A tweetstorm by T. Greer highlighted some of the differences from what he calls the Old Blogosphere (the ecosystem of blogs that had their heyday from 2003-2011) and the current situation with social media. Some highlights:
…back in the old days, the natural instinct of someone itching to make their point was to create their own website to do so.
This is the fundamental difference between the old blogosphere and the current media environment. In the OB, the main mode of engagement was not between bloggers and their commentators--it was between bloggers and other *bloggers.*
That took more investment. The barriers to entry to starting your own blog are not as high as starting your own twitter--but the cost of writing up a blog post were certainly larger than the cost of sending off a tweet.
Half of the people writing in those days wrote under pseudonyms. There wasn't a lot of prestige in the beginning--nobody did it to boost their resume. They did it because they were passionate or nerdy about the subject they wrote about.
And because of this, there was not a lot of credential flashing involved. You commented on other people's sites, you blogged yourself, and if what you wrote, people paid attention to you--no matter who you were.
That kind of thing just didn't happen in the world before the blogosphere--and it doesn't happen now that the old blogosphere is dead either.
But is the old blogosphere really dead?
Being one of the OG bloggers of the classical music blogosphere (I started the Collaborative Piano Blog in 2005), I must admit that it was a different place back then. Most of us followed other bloggers and we commented like crazy on other people’s blogs. This led to many animated discussions and helped to build a lot of friendships. Being linked to in another blog and having RSS subscriptions were important gauges of our readership and the measures of our success.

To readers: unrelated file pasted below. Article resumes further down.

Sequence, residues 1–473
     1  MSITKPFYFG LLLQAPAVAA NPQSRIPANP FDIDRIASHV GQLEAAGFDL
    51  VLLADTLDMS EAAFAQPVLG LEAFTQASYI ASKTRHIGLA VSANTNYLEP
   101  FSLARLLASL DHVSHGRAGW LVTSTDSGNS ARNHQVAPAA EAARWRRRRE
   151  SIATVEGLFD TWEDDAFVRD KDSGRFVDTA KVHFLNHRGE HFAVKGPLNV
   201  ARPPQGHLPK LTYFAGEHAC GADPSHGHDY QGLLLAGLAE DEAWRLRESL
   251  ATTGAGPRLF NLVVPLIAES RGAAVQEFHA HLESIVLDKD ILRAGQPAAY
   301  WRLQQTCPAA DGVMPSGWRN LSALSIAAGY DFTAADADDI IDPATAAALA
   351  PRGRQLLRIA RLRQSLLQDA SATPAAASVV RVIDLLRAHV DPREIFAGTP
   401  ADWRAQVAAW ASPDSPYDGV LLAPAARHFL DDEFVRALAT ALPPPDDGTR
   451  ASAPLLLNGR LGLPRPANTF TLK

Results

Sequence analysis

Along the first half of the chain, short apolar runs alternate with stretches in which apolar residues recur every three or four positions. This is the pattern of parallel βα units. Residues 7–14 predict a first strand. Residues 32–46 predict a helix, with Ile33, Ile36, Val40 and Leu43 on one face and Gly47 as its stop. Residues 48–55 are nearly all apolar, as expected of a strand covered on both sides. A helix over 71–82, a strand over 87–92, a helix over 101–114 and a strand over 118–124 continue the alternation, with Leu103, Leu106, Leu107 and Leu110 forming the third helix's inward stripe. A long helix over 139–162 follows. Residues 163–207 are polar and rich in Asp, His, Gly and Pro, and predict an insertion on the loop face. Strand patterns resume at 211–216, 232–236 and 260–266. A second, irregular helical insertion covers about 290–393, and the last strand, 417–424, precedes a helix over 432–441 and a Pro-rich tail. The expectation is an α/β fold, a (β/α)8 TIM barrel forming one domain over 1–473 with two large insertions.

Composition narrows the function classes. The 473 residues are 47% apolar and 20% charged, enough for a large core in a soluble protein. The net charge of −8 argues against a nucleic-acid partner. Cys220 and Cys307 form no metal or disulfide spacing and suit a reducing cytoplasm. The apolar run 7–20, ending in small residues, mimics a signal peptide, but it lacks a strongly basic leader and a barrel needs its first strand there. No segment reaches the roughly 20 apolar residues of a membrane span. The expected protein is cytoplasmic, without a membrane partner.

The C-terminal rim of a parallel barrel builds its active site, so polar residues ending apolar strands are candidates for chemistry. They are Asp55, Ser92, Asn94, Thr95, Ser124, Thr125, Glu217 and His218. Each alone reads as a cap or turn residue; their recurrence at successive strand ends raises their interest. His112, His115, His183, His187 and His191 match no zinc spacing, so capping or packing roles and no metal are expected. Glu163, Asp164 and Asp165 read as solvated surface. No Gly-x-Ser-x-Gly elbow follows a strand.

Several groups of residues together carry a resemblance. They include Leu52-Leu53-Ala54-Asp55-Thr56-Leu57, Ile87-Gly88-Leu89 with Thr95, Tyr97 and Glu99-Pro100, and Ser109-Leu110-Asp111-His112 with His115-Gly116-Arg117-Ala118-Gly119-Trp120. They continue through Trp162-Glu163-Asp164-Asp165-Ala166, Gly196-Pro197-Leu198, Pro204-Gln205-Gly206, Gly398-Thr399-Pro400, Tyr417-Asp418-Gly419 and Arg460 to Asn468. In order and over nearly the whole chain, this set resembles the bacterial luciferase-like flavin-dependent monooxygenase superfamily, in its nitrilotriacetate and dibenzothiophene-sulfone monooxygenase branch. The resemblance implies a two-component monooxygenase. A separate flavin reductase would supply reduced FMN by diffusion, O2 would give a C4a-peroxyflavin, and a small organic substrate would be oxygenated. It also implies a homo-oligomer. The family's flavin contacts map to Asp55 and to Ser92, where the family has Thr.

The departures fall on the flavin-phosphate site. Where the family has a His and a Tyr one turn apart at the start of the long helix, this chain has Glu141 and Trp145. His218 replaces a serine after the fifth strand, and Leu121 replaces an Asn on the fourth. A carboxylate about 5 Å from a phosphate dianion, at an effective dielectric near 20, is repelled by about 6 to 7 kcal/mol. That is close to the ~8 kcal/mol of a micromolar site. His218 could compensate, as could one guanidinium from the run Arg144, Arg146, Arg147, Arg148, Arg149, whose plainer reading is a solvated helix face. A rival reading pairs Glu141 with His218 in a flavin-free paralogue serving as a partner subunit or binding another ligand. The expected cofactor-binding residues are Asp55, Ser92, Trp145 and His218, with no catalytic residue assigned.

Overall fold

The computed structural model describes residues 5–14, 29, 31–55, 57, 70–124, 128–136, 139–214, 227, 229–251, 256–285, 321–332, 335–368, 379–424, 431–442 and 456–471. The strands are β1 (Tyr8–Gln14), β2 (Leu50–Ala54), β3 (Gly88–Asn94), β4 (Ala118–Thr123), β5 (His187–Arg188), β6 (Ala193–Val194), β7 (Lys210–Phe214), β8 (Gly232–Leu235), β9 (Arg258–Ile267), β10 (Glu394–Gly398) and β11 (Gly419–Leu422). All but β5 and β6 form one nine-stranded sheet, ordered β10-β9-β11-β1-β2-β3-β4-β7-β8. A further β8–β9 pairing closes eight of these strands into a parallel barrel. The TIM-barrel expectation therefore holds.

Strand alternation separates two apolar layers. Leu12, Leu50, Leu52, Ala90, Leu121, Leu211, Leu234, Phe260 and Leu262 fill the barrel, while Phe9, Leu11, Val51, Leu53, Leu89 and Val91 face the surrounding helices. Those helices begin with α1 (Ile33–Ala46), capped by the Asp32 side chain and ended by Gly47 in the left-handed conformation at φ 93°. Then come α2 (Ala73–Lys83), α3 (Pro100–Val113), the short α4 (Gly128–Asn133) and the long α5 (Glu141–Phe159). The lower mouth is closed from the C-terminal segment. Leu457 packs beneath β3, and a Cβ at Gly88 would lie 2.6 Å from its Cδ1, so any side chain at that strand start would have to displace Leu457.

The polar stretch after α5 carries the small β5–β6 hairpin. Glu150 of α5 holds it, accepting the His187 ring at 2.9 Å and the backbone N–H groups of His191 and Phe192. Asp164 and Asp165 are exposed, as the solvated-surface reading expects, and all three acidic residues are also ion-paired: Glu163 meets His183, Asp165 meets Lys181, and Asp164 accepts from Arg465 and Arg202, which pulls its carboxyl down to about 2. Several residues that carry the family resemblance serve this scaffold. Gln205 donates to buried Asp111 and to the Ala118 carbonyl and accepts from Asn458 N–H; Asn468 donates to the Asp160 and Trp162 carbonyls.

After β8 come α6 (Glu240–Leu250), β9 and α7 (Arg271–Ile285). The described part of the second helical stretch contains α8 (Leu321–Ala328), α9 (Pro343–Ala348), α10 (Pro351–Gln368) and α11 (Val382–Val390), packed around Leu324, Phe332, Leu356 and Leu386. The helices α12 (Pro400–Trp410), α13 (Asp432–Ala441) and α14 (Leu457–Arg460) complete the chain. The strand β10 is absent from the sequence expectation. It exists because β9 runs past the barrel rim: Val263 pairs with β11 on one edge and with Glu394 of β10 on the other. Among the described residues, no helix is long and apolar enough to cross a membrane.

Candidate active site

Then social media came along, and starting in 2007, many of us started spending more time on Twitter and Facebook. Very gradually at first, and much quicker after a few years, Facebook became the default place to hang out and keep in contact with people, share memes, or find cool links. My blogging activity started to trail off around 2014 and became a trickle by 2017-18.
Shortly after my return to blogging in the last week, I took a look at the most popular articles on the Collaborative Piano Blog in the last few months. Surprisingly, it was an article from 2007 about the top 10 classical music blogs on Bloglines, a now-defunct RSS reader. My listing was solely based on RSS subscribers.
Why are so many people still reading that article? The heyday of classical music blogs was supposed to be long past.
Turns out that’s not the case. The classical music blogosphere, far from being a thing of the past, is alive and well. Even though many of the bloggers on that list didn’t make the leap to social media, they still publish day after day with the same care and dedication that they showed 12 years ago.
A quick look at the blogs on that 2007 list shows that 19 of them have published in the last month, including 9 of the original top 10. Here they are:
And this list doesn’t even touch the significant number of classical music blogs that have sprung up since 2007.
The independent web is alive and well in the classical music world and following the scene involves a lot more than just being active on Facebook.
What are your favorite classical music blogs in 2019? Leave a comment below and let’s get the discussion going once again.
(Photo courtesy of Manuel Nägeli)